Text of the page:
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SUCH A DARK RIDE
As music fans, we have seen and heard lots of great music.
But only a handful of acts are truly special. Howzat! rarely
travels. I've been on a plane only twice in the past decade
- both times to see Perry Keyes play in Sydney. Tonight,
he's playing at The Vanguard in Newtown. The sign on the
door says "100% sold out". Even Peter Garrett has bought
a ticket. Howzat! once asked Pete what he loved about the
Sydney singer-songwriter. "Perry is the real deal," he replied.
"Songs from the heart, from the Aussie street. He is a rare
talent." The prince of Newtown, Tim Freedman, adds: "Perry
is one of the greatest lyricists Australia has produced.
He is the Ruth Park of the end of last century's Redfern.
His characters live, and they have all the more impact for
not having been spoken for before."
Perry Keyes' fans are fanatical. Tonight's crowd includes
people who have travelled from Cairns and Adelaide. After
more than two hours and 21 songs they respond with a standing
ovation. "It's really fucking good to be here," Perry says,
wryly adding, "I've been out of showbiz for a while." A
knee injury kept him out for all of 2013; tonight is his
first gig since 2012. Perry tells the crowd he'll ease into
the show with some ballads - "ballads about murder and drug
selling". He previews songs from his forthcoming album,
Sunnyholt. The title comes from the road that runs through
Sydney's outer-western suburbs. It harks back to a line
in The Day John Sattler Broke His Jaw, the opening cut on
Perry's second album, The Last Ghost Train Home: "They've
sent you down to Campbelltown, to Mount Druitt and St Marys".
"It's a reference to my family and neighbours that were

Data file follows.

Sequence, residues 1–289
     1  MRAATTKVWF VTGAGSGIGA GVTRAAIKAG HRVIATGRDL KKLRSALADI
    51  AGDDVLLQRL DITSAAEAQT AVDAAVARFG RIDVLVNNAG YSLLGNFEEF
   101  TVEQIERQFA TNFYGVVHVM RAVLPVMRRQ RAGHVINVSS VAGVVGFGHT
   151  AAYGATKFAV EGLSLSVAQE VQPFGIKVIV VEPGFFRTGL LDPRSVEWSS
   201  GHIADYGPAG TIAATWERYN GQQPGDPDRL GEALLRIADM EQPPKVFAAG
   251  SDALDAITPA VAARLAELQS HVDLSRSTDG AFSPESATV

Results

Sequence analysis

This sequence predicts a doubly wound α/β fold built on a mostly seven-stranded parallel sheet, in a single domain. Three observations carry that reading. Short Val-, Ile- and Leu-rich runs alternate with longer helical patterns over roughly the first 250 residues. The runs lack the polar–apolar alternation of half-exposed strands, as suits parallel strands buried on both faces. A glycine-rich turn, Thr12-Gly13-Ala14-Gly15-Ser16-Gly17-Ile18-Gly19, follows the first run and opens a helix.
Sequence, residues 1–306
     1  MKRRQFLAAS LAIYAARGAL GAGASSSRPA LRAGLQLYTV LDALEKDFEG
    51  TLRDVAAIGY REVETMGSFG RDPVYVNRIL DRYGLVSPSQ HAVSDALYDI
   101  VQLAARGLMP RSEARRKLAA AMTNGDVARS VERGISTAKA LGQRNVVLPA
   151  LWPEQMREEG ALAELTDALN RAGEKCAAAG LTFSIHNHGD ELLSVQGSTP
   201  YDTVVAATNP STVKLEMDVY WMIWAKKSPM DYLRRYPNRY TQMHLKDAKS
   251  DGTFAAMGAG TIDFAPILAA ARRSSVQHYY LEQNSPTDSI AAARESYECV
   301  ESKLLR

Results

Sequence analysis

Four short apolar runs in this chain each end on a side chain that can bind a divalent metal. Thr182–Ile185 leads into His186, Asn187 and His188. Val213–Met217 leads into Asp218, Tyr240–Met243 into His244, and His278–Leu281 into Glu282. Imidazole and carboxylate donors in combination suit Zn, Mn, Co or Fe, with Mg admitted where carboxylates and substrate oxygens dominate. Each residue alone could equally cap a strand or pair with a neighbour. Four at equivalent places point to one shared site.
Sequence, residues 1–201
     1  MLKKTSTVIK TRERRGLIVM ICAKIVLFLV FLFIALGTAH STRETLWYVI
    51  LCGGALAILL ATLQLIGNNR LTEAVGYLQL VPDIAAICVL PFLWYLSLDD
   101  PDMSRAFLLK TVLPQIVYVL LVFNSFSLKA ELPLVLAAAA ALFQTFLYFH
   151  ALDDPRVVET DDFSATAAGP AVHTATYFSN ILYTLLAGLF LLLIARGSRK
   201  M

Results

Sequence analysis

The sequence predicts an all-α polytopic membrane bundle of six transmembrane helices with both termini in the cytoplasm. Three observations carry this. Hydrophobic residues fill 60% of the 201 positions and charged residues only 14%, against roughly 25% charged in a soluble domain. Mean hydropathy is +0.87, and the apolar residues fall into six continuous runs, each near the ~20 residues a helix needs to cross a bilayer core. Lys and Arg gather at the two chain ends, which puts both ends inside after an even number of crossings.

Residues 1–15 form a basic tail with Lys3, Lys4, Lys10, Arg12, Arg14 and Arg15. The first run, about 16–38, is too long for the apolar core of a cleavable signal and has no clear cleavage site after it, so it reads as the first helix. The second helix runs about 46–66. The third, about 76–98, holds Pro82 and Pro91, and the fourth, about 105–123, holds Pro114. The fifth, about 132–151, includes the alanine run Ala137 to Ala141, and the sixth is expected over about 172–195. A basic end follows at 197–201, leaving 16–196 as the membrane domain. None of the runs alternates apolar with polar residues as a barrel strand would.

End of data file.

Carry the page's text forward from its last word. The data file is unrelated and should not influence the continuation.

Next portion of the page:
'moved' out to the west from the old working class neighbourhoods
of inner-city Sydney," Perry explains. "More than 150,000
people were 'settled' out there in the late '60s and early
'70s. The songs on Sunnyholt are basically the stories of
what happened to some of those people and their descendants.
In a way, it's part two of The Last Ghost Train Home."
Perry - who plays this Saturday [21 June] at The Flying
Saucer Club - spent most of his first five years in hospital.
At 14 months, he contracted polio. It was the last laboratory-confirmed
case of the disease in Australia. While his childhood friends
went surfing and played rugby league, Perry retreated to
his bedroom and taught himself to play guitar, inspired
by The Clash and Lou Reed. "Having a dodgy leg meant I was
on the outside looking in. Music was this great little secret
that I stumbled upon." He still lives in the old neighbourhood.
He barracks for the Rabbitohs and is a regular at the Redfern
Oval café, but he doesn't romanticise Redfern. He sings
about "streets full of broken people", where "some aches
never leave" and people "sleep but don't dare dream". Perry
Keyes is the Springsteen you've never heard of. One day
they'll call him a national treasure.
"Death or glory, it's the same old story/ Which one ya gonna
choose?" - Perry Keyes, Things That A Boy Would Do
Justice Crew spend their sixth week on top.
Que Sera JUSTICE CREW (number one)
Geronimo SHEPPARD (six)
Fancy IGGY AZALEA (seven)
Chandelier SIA (eight)
Super Love DAMI IM (14)
Tightrope ILLY (18)
Price of Fame 360 FEATURING GOSSLING (19, debut)
High PEKING DUK (26)
Don't Stop 5 SECONDS OF SUMMER (32)
She Looks So Perfect 5 SECONDS OF SUMMER (34)
Eye Of The Needle SIA (36, debut)
Live It Up 360 FEATURING PEZ (37)
The Amity Affliction score their second number one album.
Let The Ocean Take Me THE AMITY AFFLICTION (number one,
The Very Best INXS (13)
The New Classic IGGY AZALEA (18)
Flesh & Blood THE JOHN BUTLER TRIO (19)
40 Years of Rock - Greatest Studio Hits THE ANGELS (21)
Fuse KEITH URBAN (22)
Built On Glass CHET FAKER (27)
Raw X Infinity REMI (29, debut)
Greatest Hits THE ANGELS (33)
Atlas RUFUS (34)
Harlequin Dream BOY & BEAR (38)
At The Speedway PERRY KEYES
Questions THE EVENING CAST
Zinedine Zidane VAUDEVILLE SMASH
Mexican Motel WESTERN STARS
People Will Break Your Heart JEFF LANG
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